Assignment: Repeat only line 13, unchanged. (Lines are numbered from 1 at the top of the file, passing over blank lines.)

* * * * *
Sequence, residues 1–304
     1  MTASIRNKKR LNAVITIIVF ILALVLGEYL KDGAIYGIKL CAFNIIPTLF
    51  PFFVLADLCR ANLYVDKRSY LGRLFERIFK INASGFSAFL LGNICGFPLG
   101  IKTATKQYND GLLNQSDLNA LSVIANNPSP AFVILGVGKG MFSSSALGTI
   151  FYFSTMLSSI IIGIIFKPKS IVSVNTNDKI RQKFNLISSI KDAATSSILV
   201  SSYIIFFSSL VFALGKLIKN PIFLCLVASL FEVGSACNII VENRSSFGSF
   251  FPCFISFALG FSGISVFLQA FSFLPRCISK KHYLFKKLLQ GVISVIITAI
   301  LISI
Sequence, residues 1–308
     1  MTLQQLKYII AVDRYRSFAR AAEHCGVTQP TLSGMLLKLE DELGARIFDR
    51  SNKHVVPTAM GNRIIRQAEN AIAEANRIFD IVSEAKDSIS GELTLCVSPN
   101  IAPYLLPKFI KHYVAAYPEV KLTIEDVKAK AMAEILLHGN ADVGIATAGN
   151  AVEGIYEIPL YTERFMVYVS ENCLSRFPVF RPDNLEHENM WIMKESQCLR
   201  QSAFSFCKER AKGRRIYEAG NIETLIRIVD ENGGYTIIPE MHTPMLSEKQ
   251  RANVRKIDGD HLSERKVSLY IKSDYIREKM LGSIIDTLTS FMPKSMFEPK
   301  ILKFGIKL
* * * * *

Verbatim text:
   151  AVEGIYEIPL YTERFMVYVS ENCLSRFPVF RPDNLEHENM WIMKESQCLR